Today’s blog post is going to be the 1st of a series: I am going to share reading notes on some of my favourites books. These notes and summaries are intended to give an overview and hopefully get you to buy and read these great (e-)books.
These notes are not meant to be exhaustive, they list whatever was relevant to me when I read the book. You might think that I missed some important points along the way and hopefully you’ll be able to fill the gap(s) by digging into these books yourself.
*/!\ Important /!\* There might be some copy-paste information within these posts.
Let’s start with a book on Kubernetes: The Kubernetes book, by Nigel Poulton (non affiliated link). It is a great introduction to Kubernetes.
In the rest of this post we’ll often k8s as a short name for Kubernetes.
- k8s is an orchestrator of containerised apps - k8s follows the declarative state: - we declare a desired state - k8s deploys it and maintains a watch loop to check that the state is conform and tries to recover if not - At a high level - we start with pods as the basic k8s object. - We wrap them in a ReplicaSet for scalability, resiliency and desired state. - Then we add a deployment for rolling updates and simple rollbacks. - the key unit for k8s is the Pod - It’s a sandbox to run containers in. - Pods are mortal. If one dies, another one gets created. They are deployed indirectly via Deployments - All containers in a pod share the IP address, hostname, sockets, memory, volumes and more. - Intra pod communication can happen via the pods localhost interface. - Containers inside pods expose unique ports to the outside world.
Chapter 1 — Kubernetes principles of operation
A Kubernetes cluster is made up of one or more masters, and a bunch of nodes.
The masters are in-charge of the cluster and make all the decisions about which nodes to schedule application services on. They also monitor the cluster, implement changes, and respond to events.
The nodes are where our application services run. They also report back to the masters and watch for changes to the work they’ve been scheduled.
To deploy Kubernetes applications we define a Deployment via a YAML or JSON manifest file. This manifest file tells Kubernetes two important things:
- What our app should look like – what images to use, ports to expose, networks to join, how to perform update etc.
- How many replicas of each part of the app to run (scale)
Then we give the file to the Kubernetes master which takes care of deploying it on the cluster.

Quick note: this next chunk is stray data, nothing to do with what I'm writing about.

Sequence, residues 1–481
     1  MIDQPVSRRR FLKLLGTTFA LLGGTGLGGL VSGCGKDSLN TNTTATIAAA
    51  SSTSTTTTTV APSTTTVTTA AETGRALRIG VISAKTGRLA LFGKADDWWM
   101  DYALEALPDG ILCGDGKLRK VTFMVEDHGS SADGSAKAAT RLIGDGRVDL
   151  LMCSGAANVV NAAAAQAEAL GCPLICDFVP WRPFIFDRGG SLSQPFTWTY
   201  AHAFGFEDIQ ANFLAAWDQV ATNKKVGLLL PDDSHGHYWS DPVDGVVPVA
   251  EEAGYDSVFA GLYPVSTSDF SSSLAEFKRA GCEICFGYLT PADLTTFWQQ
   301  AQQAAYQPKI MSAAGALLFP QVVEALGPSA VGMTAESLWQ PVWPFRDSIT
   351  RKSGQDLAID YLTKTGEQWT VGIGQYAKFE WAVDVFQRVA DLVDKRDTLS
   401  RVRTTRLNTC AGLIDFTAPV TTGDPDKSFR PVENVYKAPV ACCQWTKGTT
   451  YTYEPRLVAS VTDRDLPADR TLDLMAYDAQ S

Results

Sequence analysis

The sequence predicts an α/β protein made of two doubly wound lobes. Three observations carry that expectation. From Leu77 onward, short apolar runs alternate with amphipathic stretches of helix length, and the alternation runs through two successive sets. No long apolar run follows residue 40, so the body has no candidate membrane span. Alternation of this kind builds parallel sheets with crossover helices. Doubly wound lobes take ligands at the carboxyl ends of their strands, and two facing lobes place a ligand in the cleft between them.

But it doesn’t stop there. Kubernetes is constantly monitoring the Deployment to make sure it is running exactly as requested. If something isn’t as it should be, Kubernetes tries to get back on track.
Masters (control plane)
The master only looks after the state of the cluster.
The API server
It is the front end into the kubernetes master. We POST manifest files to it, these get validated and the work they define get deployed to the cluster.
The cluster store
If the API server is the brain, the cluster is the memory. The config and state of the cluster gets persistently stored here.
The controller manager
The controller manager (kube controller manager) implements a few functions that tend to sit in loops and watch for changes.
It watches for new workloads and assigns them to nodes.
The declarative model and desired state
In kubernetes the two concepts work like this:
- we declare the desired state of our application (microservice) in a manifest file
- we POST it to the API server
- kubernetes stores this in the cluster store as the application’s desired state
- kubernetes deploys the application on the cluster
- kubernetes implements watch loops to make sure the cluster doesn’t vary from desired state
Pods and containers
Kubernetes runs containerised apps but those containers always run inside of pods.
The pod itself doesn’t actually run anything, it’s just a sandbox to run containers in. As an example, all containers in the same pod will share the same IP address.
Pods as the atomic unit
Pods are the minimum unit of scaling in k8s. If you need to scale your app, you add more pods.